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Re: Modeling a specific construct - please help

From: Pat Hayes <phayes@ihmc.us>
Date: Wed, 16 Sep 2009 15:10:56 -0500
Cc: Alan Rector <rector@cs.man.ac.uk>, Uli Sattler <sattler@cs.man.ac.uk>, Milan Zdravkovic <milan.zdravkovic@gmail.com>, public-owl-dev@w3.org
Message-Id: <ADA764AD-634C-4B50-9654-4E4BA3BDC86D@ihmc.us>
To: Chimezie Ogbuji <chimezie@gmail.com>

On Sep 16, 2009, at 9:50 AM, Chimezie Ogbuji wrote:

> On Tue, Sep 15, 2009 at 4:24 AM, Alan Rector <rector@cs.man.ac.uk>  
> wrote:
>> Well, no, you cannot (validly) conclude this. This is a non-monotonic
>> inference, which is not supported by the OWL semantics. While it  
>> may work in
>> particular cases where you know that your data is complete in the  
>> required
>> sense, it is not good practice to use such inference patterns in  
>> OWL, as
>> they will (not may, but WILL) break in some cases. Think building a  
>> glass
>> building over a known seismic fault.
>>
>> Pat Hayes
>
>> The difficulty with such reasoning patterns is that they only work  
>> when you
>> can
>> complete the knowledge base so that it is fully constrained.
>> In most of our biomedical models, we can rarely be certain enough
>> that all possibilities have been covered to reason that the only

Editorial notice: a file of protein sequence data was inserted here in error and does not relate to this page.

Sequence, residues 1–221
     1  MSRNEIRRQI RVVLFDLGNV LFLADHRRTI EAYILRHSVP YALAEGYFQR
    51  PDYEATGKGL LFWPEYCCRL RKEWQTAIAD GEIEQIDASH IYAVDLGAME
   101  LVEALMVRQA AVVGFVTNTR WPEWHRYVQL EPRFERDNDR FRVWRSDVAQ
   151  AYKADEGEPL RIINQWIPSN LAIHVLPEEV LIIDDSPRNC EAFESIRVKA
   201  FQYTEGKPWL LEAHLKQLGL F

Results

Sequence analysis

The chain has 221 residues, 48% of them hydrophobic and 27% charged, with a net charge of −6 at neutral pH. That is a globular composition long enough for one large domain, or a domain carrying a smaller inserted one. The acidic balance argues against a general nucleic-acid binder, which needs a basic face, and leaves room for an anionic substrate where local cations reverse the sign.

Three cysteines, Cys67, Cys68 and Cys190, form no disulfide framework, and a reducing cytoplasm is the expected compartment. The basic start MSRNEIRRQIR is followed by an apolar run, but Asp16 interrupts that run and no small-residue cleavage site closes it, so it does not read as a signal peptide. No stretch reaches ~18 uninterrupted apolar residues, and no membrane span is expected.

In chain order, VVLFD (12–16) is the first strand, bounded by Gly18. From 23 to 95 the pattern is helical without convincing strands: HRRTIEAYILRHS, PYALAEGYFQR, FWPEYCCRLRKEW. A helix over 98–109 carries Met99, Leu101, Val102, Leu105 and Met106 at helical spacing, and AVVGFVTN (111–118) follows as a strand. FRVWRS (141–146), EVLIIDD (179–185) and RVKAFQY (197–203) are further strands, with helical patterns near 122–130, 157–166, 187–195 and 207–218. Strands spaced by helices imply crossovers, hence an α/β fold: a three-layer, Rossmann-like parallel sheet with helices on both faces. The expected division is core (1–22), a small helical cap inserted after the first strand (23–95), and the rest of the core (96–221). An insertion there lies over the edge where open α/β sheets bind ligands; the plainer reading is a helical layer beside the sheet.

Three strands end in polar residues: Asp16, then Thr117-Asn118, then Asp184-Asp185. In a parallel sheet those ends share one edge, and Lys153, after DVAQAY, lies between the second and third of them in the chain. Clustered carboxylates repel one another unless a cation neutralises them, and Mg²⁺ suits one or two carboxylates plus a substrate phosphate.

>> possibilities left over are true, only that they might be and may
>> ]be worth further investigation.
>
> True, but I've found (in practice) that non-monotonic reasoning
> matches well with the intuition behind clinical medicine and the way
> electronic patient data can be recorded as RDF (mostly using strict
> data entry controls where it is important to assume at least a portion
> of the data is complete in order to make reasonable inferences from
> it)

Well, let me rephrase my point somewhat differently. If you use this  
inference pattern, and come to rely on it, and then in some case you  
find it delivers false conclusions, do not complain to anyone about  
RDF or OWL, or complain to the proprietors of the RDF or OWL reasoner  
you are using. Do not say that your reasoner is broken. Go instead to  
whoever gave you the data you were using and upon whose completeness  
you were relying, to serve the writs, or voice the complaints, or  
whatever.

Pat

>
>> Although we have sometimes used this kind of reasoning on very  
>> restricted
>> data entry problems with multiple constraints where we can be sure  
>> that they
>> can all be covered.  In those cases the non-monotonicity is an  
>> advantage,
>> although I would try to confine it to increasingly large queries  
>> rather than
>> the KB itself. As we learn more, we add it to the query, so that  
>> query gets
>> larger and the number of
>> possible answers to the remaining questions gets fewer.
>> This sort of reasoning used to be supported in the Protege Query  
>> tab, but is
>> no longer.
>> Regards
>> Alan
>
> -- Chimezie
>

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Received on Wednesday, 16 September 2009 20:12:53 GMT

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